Many professionals disapprove of the aggressive techniques being used by some others to promote themselves. Doctors, lawyers and accountants often view such self-promotion methods as distasteful and ethically improper. They believe self-promotion is wrong. And they are right. Some forms of self-promotion are unethical. But, there are times when self-promotion makes perfect sense.
If a professional misrepresents himself or his services and cannot deliver what he promises then he is remiss. This seems to be common practice when it comes to those who deliver financial advice. This particular community contains many unscrupulous characters that seem to have a dreadful lack of knowledge but are nonetheless prepared to promote their products and services to the extreme. This is certainly at times unethical.
Integrity and Transparency is Essential
While some professionals have acted without integrity in their use of networking and self-promotion, it does not mean that these valuable networks and venues for promotion should be avoided. As long as you act with integrity and transparency your online presence and self-promotion can be a valuable resource to you and your business. There may be some risk that you will offend some people, but to not have a presence can be detrimental, especially when so much networking is being done in this way. You run the risk of being left out of the equation.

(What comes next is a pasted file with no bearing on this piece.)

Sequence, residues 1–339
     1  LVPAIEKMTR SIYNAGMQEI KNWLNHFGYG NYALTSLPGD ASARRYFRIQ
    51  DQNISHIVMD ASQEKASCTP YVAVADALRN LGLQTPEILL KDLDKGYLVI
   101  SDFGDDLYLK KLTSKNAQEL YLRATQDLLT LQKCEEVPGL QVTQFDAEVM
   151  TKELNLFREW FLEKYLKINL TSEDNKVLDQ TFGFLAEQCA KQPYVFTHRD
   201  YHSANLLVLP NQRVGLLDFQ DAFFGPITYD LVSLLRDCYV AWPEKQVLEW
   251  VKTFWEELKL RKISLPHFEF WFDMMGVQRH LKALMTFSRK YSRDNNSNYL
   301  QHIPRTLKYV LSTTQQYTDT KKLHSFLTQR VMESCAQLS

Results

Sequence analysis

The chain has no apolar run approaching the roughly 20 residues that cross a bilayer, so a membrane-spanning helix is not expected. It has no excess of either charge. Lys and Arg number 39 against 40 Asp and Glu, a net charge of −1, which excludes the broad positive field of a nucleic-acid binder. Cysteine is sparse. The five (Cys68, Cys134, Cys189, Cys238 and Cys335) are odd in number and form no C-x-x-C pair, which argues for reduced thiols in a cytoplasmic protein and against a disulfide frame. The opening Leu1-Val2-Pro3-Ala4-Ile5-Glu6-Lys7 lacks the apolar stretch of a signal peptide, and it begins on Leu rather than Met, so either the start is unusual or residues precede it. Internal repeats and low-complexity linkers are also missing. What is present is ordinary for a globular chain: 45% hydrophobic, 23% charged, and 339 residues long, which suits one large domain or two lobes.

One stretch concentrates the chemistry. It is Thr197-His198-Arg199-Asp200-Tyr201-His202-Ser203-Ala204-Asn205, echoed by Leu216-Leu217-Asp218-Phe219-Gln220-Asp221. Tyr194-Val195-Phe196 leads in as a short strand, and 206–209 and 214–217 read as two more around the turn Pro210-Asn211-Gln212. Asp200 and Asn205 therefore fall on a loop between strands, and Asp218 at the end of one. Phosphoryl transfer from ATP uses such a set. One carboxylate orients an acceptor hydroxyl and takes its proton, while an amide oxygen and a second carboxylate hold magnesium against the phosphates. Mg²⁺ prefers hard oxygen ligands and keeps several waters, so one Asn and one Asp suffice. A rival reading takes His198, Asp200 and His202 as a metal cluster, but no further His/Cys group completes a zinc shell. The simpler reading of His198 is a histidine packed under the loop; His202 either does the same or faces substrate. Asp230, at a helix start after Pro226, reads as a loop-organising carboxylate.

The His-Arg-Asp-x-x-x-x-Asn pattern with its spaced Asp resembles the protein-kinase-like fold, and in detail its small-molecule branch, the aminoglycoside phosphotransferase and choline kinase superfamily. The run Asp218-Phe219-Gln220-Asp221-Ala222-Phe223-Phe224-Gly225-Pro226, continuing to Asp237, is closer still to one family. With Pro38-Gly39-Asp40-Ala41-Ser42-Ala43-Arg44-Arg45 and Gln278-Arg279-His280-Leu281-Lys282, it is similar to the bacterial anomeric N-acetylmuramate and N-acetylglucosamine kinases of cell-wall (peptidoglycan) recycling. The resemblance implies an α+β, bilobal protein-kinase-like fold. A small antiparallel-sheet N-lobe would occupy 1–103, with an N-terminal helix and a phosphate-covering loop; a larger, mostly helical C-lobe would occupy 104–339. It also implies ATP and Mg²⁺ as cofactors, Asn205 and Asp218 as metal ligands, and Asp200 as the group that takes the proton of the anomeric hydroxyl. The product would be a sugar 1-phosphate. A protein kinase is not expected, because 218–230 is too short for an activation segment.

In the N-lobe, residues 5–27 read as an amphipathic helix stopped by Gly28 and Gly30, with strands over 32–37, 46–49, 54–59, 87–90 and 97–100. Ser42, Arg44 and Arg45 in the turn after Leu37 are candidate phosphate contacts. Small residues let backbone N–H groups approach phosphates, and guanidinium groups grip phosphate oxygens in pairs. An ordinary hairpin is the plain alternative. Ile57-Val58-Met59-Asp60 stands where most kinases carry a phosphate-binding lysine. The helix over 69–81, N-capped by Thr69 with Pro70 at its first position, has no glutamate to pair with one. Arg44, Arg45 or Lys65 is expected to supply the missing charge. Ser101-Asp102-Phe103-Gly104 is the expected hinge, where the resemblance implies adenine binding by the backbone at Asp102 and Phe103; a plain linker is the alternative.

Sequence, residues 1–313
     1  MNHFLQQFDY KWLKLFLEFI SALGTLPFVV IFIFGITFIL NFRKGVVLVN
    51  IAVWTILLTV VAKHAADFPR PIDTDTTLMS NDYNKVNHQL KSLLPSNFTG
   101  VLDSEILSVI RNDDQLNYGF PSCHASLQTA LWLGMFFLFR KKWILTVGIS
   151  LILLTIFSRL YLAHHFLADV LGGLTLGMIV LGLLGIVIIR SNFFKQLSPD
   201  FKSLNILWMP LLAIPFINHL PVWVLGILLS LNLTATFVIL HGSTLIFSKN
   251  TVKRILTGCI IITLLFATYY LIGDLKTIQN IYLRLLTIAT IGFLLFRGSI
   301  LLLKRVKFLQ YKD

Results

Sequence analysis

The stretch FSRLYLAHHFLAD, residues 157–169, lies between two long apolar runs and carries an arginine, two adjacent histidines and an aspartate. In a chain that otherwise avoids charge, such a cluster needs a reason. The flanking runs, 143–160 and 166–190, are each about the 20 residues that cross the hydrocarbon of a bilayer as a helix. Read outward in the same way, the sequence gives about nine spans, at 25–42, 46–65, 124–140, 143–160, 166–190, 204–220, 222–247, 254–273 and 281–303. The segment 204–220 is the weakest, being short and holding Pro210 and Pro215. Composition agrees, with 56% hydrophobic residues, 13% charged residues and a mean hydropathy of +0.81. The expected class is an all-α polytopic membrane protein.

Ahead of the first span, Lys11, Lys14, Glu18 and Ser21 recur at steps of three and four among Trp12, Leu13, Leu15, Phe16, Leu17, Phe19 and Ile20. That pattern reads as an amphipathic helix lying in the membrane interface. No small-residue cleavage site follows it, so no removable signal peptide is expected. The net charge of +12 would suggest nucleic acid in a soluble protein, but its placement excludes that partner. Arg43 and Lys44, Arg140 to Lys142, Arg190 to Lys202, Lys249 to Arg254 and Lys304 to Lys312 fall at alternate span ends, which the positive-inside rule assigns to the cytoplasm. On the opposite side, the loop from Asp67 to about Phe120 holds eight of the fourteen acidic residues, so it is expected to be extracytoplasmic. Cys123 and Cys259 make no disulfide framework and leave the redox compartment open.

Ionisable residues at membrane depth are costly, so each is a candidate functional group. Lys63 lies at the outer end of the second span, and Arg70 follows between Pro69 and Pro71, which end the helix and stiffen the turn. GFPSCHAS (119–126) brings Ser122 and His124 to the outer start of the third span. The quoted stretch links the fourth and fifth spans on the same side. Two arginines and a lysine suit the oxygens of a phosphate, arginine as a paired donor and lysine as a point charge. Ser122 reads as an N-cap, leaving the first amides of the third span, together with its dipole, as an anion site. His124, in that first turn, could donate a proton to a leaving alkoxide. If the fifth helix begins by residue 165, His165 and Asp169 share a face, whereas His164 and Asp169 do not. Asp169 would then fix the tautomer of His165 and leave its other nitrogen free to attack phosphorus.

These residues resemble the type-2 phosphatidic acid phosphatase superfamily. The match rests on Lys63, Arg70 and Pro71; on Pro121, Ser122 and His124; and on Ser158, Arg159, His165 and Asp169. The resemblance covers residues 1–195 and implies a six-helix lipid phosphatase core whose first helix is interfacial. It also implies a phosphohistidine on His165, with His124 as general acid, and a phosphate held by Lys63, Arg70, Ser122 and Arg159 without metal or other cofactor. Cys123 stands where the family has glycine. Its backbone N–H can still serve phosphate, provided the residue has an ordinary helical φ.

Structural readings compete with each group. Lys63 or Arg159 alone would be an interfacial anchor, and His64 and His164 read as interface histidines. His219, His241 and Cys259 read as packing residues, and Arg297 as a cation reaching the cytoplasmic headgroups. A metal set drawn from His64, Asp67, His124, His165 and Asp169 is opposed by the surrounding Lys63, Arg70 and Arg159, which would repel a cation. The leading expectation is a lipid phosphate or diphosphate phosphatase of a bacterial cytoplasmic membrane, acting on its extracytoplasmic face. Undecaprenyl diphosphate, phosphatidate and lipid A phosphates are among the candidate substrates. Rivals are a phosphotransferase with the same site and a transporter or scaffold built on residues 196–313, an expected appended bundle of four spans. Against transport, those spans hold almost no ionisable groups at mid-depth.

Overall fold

Referrals Through Word of Mouth
Word of mouth is one of the most reliable methods of developing a professional practice. Therapists, freelancers, service providers and practitioners of all types benefit from this type of networking. In the business world in particular people enjoy referring a friend or a business associate to someone they know. They believe their efforts will be repaid in the long run and that referrals will come back to them, as one good turn deserves another.
Is it Unethical to Promote Yourself?
Not if it’s done with honesty and integrity followed by quality service. A good home improvement specialist will always leave his card on the kitchen table or include it in a thank you note. He does this just on the chance that a friend or relative is looking for someone with his skills. This is just good business.
Do You Have an Elevator Pitch?
It is essential for every professional to have a very succinct and memorable spiel to describe what they do.
People who train sales professionals often get very creative with their elevator pitch. One such pitch was: “I train sales teams win hundreds of millions in new business”. It may sound too aggressive to you and even shameless, but if his record proves that he has achieved this outcome, is it really shameless?
Perhaps you are a relationship counselor. You develop your elevator pitch and it sounds like this: “I specialize in resolving difficult relationship problems”. You start telling this to the people in your network. Even if you do not mention names, that is a good chance that a couple you were able to help will tell another couple about the professional who helped fix their difficult relationship problems.
There is nothing unethical about telling the people you meet what you do. It’s okay to be prepared in advance regarding what you tell them and to ask for referrals. This is what keeps the business world moving and prospering.